Diana's story – The ‘invisible’ lobular breast cancer


Diana wants women to know how to spot ‘invisible’ lobular breast cancer, which doesn’t always show on ultrasound or mammograms.

Diana worked in the health service before she retired and knows how important it is to detect breast cancer early. Her regular mammograms were all normal, Diana’s only health issue was that she needed a knee replacement.

After her knee operation in 2021, Diana couldn’t use the bath for 6 months and had previously used that time as an opportunity to check her breasts for any lumps or changes. It was with horror that Diana noticed a visible dimple and skin tethering on her left breast whilst looking in the mirror, and knew this could be a cancerous lump pulling the skin inwards. She immediately booked an appointment with her GP who referred her to her local hospital for further investigation.

Diana explained “It wasn’t until my investigations I learned about lobular breast cancer - the cancer I ended up being diagnosed with, and how it often isn’t apparent on mammograms and ultrasound scans. Lobular breast cancer doesn’t always form a lump but grows in a single-file or single cell pattern, making it much harder to see with traditional imaging such as mammograms.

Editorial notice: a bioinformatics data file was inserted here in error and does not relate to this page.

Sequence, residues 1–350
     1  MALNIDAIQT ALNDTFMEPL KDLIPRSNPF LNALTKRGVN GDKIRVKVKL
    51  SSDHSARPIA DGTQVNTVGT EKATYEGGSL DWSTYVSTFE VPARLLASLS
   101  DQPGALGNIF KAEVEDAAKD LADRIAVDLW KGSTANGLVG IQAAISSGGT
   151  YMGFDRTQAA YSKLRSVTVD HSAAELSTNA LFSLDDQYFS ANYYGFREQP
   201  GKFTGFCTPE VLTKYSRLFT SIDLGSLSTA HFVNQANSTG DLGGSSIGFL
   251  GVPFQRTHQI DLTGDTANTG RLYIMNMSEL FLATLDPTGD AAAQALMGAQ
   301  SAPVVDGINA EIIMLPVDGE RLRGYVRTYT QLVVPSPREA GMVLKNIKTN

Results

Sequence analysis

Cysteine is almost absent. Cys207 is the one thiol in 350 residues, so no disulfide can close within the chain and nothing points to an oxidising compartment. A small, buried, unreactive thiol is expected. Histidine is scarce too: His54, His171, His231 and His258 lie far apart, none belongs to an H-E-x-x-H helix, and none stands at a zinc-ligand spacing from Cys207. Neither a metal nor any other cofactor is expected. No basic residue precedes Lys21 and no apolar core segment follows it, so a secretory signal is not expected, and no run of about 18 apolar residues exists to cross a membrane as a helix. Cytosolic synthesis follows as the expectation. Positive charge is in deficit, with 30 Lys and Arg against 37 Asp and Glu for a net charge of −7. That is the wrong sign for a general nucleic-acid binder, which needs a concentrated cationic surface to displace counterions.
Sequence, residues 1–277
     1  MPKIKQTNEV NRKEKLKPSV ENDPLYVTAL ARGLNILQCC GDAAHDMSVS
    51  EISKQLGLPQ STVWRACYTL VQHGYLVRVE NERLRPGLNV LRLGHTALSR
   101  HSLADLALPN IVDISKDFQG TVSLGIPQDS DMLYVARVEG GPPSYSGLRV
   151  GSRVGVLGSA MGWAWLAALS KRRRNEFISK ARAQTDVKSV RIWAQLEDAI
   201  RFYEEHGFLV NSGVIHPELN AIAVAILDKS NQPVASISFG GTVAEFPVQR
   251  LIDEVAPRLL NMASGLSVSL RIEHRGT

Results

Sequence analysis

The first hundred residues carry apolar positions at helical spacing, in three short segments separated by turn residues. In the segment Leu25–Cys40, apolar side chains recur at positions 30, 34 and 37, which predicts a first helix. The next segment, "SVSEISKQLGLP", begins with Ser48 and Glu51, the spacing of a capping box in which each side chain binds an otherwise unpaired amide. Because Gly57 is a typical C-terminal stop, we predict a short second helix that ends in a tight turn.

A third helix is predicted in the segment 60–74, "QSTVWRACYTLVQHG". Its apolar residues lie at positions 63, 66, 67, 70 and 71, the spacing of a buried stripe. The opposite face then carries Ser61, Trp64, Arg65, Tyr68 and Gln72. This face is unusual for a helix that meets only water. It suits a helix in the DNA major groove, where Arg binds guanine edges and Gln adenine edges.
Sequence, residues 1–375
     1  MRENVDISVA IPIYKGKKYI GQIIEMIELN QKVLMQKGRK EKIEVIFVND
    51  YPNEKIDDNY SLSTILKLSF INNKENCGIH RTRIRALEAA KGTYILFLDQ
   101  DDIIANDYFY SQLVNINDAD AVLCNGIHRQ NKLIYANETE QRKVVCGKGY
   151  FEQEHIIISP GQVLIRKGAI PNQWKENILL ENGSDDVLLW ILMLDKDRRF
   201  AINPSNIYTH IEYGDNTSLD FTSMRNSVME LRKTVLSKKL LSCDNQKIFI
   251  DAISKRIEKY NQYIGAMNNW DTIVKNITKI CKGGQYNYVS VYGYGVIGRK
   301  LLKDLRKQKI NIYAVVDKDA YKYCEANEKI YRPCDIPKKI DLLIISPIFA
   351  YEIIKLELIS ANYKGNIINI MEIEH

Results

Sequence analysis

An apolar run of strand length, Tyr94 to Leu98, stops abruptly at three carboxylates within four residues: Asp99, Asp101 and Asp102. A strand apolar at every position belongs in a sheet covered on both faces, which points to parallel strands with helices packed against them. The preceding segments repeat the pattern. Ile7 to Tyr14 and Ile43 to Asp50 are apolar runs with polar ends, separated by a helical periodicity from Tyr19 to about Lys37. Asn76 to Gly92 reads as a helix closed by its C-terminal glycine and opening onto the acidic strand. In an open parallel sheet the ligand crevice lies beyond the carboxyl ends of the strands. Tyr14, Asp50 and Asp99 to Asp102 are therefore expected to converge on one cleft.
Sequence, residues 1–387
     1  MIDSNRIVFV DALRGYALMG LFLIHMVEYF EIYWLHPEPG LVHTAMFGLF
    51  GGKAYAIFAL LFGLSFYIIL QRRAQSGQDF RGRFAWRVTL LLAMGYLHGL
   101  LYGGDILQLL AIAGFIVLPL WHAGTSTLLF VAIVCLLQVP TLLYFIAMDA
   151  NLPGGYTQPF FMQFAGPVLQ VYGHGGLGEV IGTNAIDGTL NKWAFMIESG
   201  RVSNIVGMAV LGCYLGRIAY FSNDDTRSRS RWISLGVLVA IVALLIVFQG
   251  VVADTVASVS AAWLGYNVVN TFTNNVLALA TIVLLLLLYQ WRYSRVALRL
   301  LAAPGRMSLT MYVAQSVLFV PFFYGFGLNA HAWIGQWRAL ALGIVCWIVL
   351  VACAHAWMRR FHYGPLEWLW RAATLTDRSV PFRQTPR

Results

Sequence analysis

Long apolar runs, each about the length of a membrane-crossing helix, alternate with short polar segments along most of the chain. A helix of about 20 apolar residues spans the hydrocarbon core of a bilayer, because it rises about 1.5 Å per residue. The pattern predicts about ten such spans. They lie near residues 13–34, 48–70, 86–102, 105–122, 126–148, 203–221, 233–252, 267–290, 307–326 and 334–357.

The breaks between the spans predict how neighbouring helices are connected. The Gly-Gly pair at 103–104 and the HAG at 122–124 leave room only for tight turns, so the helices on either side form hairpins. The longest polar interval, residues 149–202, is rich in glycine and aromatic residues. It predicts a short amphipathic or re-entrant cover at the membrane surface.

I discovered 15% of all breast cancer cases are lobular and now feel compelled to raise awareness of this ‘invisible’ breast cancer. Whilst mammograms are incredibly important, your boobs are uniquely yours and you need to get to know them to spot changes early. I encourage all women to  ‘own’ their boobs and check themselves well into their seventies.”

Diana knew the importance of being treated quickly and had kept her private medical insurance going after she retired. This meant, once she was diagnosed, she was able to be seen quickly by a surgeon to remove the lump and lymph nodes before starting her programme of radiotherapy and targeted therapy.

Diana had radiotherapy at our centre in Oxford which included using the technique of Deep Inspiration Breath Hold, a breathing technique used to protect organs close to the radiation beam, reducing damage and side effects. The radiation only starts when you’re completely still, and if you move slightly out of position or release your breath, the radiation beam pauses automatically until you’re ready. Our team were able to support Diana in practising her breathing so she felt able to use the technique. Diana also had complimentary counselling and reflexology from Penny Brohn UK and found these incredibly useful.

8 months into a 2-year targeted treatment plan, Diana enjoys a full and active life and has one last message, OWN YOUR BREASTS and check them regularly!!